Eagle Bulk Shipping

Eagle Bulk adds two scrubber-fitted Ultramaxes, offloads three older bulkers

Dry bulk shipping company Eagle Bulk has acquired two high-specification, 2020-built scrubber-fitted Ultramax bulk carriers for $60.2 million.

Illustration/Stamford Eagle; Image credit Eagle Bulk Shipping

These vessels, renamed the Halifax Eagle and Vancouver Eagle, are expected to be delivered during the second quarter, and will enhance the company’s fleet of midsize drybulk vessels.

Meanwhile Eagle Bulk has sold three 2011-built non-core, non-scrubber-fitted Supramax bulkers, Montauk Eagle, Newport Eagle, and Sankaty Eagle, for $49.8 million, or $16.6 million each.

The reshuffling of the fleet comes as Eagle reports net income of $3.2 million for the first quarter of the year, against a net income of $53.1 million from the comparable quarter of 2022.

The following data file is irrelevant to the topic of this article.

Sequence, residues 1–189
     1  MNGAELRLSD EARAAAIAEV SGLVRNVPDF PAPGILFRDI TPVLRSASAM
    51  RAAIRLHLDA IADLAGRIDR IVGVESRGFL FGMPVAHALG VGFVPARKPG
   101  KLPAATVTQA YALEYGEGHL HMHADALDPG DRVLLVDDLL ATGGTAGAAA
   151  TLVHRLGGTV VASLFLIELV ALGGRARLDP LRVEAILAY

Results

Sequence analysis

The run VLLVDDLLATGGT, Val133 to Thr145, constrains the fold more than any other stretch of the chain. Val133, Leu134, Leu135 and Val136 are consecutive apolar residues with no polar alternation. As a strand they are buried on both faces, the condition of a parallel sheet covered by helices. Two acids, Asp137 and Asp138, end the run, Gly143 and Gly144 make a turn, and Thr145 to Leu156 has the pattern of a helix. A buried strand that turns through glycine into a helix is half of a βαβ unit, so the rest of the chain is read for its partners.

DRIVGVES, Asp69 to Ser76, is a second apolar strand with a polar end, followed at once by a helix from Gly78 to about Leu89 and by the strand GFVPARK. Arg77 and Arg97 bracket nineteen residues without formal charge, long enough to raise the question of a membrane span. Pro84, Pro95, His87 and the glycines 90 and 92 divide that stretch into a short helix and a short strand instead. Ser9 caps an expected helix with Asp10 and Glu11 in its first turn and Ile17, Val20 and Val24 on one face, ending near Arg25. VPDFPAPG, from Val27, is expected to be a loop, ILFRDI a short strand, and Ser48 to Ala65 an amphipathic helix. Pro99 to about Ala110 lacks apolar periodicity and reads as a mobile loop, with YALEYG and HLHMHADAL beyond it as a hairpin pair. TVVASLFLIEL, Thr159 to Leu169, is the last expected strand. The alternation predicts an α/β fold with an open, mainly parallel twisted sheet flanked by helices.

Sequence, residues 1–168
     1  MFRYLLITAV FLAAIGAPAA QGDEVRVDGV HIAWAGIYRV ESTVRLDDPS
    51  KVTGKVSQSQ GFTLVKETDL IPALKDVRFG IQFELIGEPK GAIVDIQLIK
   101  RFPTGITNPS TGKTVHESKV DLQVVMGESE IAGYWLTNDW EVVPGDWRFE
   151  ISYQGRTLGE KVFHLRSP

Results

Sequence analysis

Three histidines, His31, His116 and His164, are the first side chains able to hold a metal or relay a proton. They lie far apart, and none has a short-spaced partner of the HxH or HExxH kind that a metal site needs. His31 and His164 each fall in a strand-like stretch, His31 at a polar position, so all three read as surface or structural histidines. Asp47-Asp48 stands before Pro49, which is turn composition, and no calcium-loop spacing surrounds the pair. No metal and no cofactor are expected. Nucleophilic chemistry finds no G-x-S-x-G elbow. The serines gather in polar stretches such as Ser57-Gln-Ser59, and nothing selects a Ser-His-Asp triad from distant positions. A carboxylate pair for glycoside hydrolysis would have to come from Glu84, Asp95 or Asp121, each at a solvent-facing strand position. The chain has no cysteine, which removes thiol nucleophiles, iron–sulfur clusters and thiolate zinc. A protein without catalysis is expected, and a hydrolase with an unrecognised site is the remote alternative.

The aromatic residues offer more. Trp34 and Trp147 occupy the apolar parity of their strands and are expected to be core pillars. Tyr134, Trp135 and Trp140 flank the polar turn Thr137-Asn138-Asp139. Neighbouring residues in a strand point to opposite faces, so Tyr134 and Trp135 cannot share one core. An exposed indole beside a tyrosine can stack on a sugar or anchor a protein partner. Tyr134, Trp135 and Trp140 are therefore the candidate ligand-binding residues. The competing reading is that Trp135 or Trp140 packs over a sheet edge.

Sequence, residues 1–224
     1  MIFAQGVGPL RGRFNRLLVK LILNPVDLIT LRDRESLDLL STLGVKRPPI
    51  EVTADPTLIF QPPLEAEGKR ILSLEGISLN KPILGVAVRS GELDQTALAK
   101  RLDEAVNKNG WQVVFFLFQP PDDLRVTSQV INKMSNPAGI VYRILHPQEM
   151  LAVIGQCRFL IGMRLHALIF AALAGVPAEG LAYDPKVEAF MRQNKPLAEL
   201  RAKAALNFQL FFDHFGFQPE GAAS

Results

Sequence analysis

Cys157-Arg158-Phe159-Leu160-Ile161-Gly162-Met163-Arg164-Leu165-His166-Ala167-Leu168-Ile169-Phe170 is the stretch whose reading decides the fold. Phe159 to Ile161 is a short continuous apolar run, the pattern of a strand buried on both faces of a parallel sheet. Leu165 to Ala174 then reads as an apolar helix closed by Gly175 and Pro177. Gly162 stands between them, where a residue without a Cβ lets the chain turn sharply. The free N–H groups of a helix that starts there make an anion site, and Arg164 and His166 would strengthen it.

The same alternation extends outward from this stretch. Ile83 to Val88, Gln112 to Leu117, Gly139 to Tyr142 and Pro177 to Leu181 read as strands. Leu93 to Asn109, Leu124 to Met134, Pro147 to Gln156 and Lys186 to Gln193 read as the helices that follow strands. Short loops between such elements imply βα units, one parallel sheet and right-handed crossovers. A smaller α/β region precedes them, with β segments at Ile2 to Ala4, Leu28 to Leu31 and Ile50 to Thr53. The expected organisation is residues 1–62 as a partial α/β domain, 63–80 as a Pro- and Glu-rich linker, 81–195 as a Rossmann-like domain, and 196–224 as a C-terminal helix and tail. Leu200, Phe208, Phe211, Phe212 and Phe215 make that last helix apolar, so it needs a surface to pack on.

Revenues, net for the three months ended March 31, 2023, were $105.2 million compared to $184.4 million for the comparable quarter in 2022. 

“Against the industry backdrop of a seasonally weak market in the first quarter, we achieved a net TCE of $12,917 for the period, representing meaningful outperformance versus the benchmark BSI (Baltic Supramax Index). Based on recent developments and given our general view of market fundamentals for the balance of the year, we believe the first quarter will represent the bottom for freight rates in 2023,” Eagle’s CEO Gary Vogel commented.

On the vessel sale and purchase front, we continue to act opportunistically to create value for our stakeholders. Following our recent accretive acquisitions of four modern high-specification Ultramaxes, we have taken advantage of a recent increase in both S&P liquidity and ship values to sell three non-core, non-scrubber-fitted Supramax vessels, which were purchased opportunistically just two years ago. Based on our calculations, we generated a levered IRR of 70% on this S&P transaction, inclusive of cash generated.”

Moving forward, Eagle is bullish about the medium-term prospects for the drybulk industry, particularly given strong supply side fundamentals.

The company said that with a fleet of 52, predominately scrubber-fitted vessels, and $235 million of liquidity, it was in a unique leadership position to continue to take advantage of opportunities on the market.